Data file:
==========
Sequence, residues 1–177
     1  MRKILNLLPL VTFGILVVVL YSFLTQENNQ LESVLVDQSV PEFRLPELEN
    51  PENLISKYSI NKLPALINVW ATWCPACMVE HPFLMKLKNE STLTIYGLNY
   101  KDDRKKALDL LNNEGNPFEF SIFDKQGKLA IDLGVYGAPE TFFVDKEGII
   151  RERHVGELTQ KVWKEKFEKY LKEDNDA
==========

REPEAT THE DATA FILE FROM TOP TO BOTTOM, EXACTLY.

Sequence, residues 1–177
     1  MRKILNLLPL VTFGILVVVL YSFLTQENNQ LESVLVDQSV PEFRLPELEN
    51  PENLISKYSI NKLPALINVW ATWCPACMVE HPFLMKLKNE STLTIYGLNY
   101  KDDRKKALDL LNNEGNPFEF SIFDKQGKLA IDLGVYGAPE TFFVDKEGII
   151  RERHVGELTQ KVWKEKFEKY LKEDNDA